Unrealized promise of strategy maps
When asked, “what is the most powerful tool in the strategist's toolkit?”, I immediately answer “a Strategy Map.” I provide the same answer to “what is the most poorly used tool?”
Popularized in the mid-1990s by Balanced Scorecard co-creators Drs. Robert Kaplan and David Norton, the Strategy Map emerged when early scorecard pioneers such as Cigna Property & Casualty and Mobil Oil found it valuable to separate out the objective dimension of the Balanced Scorecard framework to lay out a cause-and-effect relationship between the objectives housed within the four perspectives: typically enablers (learning & growth and internal process) and outcomes (customer and financial). Originally called “Linkage Models,” the idea of the Strategy Map was born.
Dr. David Norton has said that, “The idea of the Strategy Map was as important an insight as the original Balanced Scorecard framework.” Indeed, it transformed the Balanced Scorecard system from a “balanced,” measurement system to a full-fledged strategy execution model.
The value of cause and effect
Note the value identified by the pioneers was in laying out a cause-and-effect relationship; thus, understanding how progress to one or more enabler objectives delivered the desired outcomes. Sadly, most Strategy Maps that I have reviewed over the past 20 years or so have, in practice, not been about cause-and-effect (or at best no more than at a perfunctory level), but simply plotting a group of objectives against each of the perspectives. Nothing more than a more visually appealing way of providing a list.
That said, displaying objectives that are at least casually (if not causally) “mapped,” on a single page is itself a useful strategy communication mechanism. And this is precisely how a Strategy Map is used by most firms.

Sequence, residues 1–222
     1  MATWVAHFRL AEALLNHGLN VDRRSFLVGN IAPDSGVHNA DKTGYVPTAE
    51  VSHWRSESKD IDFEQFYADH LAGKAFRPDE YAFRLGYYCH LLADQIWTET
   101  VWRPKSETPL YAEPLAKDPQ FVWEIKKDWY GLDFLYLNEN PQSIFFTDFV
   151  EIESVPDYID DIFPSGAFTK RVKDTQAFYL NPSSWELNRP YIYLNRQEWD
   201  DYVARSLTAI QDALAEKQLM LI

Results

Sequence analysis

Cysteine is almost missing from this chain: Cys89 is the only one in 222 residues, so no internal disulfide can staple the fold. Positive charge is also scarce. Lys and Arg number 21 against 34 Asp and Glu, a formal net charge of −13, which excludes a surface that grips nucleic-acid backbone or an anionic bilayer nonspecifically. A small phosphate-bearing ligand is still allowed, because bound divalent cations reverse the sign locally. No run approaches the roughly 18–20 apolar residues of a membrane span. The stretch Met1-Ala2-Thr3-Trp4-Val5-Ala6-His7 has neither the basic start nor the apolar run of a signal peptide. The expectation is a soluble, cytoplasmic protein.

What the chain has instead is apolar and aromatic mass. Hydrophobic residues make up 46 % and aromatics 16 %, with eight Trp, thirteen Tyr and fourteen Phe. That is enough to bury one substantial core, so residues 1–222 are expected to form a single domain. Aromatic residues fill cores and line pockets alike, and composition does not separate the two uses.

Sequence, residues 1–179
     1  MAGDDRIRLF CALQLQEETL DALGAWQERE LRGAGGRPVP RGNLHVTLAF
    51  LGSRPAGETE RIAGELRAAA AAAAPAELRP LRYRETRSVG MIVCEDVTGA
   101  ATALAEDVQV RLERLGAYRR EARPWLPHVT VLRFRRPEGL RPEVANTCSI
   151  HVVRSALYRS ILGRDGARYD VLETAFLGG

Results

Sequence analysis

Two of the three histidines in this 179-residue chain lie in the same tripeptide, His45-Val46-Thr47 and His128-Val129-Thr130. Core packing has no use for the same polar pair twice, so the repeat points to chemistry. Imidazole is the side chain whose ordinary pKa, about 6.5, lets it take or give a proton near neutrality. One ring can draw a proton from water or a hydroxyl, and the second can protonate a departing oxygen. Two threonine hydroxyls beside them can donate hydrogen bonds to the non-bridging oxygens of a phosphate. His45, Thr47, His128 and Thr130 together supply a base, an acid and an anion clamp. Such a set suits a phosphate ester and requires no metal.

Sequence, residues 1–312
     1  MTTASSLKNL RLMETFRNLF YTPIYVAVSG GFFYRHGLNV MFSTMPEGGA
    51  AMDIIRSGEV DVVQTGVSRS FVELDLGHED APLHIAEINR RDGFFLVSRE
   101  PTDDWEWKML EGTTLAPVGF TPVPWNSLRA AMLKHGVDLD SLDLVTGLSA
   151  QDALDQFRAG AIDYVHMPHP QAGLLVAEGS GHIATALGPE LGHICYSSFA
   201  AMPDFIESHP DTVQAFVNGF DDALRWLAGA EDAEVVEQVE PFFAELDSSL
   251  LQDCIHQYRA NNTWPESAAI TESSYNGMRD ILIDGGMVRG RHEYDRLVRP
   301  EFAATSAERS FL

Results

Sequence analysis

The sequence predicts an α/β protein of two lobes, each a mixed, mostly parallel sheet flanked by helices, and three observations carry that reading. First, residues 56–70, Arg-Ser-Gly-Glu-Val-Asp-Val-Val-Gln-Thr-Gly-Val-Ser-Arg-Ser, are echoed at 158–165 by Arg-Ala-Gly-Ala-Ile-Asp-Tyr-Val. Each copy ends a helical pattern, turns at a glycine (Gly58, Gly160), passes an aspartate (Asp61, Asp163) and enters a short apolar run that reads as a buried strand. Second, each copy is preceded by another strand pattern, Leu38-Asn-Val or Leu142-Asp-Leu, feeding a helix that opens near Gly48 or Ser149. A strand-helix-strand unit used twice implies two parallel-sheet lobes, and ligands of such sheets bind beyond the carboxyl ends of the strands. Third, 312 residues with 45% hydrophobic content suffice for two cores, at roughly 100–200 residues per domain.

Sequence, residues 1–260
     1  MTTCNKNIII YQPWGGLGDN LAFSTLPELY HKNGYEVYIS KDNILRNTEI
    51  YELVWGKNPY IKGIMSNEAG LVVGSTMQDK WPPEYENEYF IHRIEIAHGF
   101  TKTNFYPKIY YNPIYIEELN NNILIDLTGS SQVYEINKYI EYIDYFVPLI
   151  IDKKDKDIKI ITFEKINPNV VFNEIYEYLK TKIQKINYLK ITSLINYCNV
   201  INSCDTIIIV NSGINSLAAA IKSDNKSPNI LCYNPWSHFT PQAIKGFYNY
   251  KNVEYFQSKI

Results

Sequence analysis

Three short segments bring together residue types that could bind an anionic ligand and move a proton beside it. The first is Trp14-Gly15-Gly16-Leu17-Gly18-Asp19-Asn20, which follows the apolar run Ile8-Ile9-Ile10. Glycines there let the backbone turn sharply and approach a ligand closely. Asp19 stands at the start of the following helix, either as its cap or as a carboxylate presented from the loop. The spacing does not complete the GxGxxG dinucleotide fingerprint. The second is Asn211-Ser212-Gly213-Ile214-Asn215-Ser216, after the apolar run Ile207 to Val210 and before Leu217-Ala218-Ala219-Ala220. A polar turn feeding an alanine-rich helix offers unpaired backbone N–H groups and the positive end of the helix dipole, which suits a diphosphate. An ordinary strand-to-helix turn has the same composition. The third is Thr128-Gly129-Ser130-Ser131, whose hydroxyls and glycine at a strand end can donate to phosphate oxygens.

Telling the story
When reviewing Strategy Maps, I ask leaders to explain their hypothesis as to how improvements to a learning and growth objective will eventually deliver financial (or stakeholder) outcomes. I simply say, “explain it to me – I don’t understand.” Normally the answers are somewhat vague and hesitant. I will then ask for a written description of the causal relationship. If the map is collocated per strategic themes (as examples, customer focus, operational excellence and innovation) I will ask for a description at the theme level. This strategic performance narrative proves a powerful mechanism for leaders to gain a better understanding of their hypothesis and the causal assumptions (and keep in mind that a strategy is not a statement of facts, but a set of assumptions that must be confirmed through execution).
…keep in mind that a strategy is not a statement of facts, but a set of assumptions that must be confirmed through execution
To build a more robust narrative, I place attention onto the objective statements that provide a fuller description of the objectives on the map (which due to the constraints of space are limited to a few words). At the outcome levels, the description details (typically in a single paragraph) what the objective will look like if achieved. At the enabler levels, it explains why the objective is strategically important (how it delivers outcomes) and how this will be achieved (what needs to be done) and two paragraphs will suffice.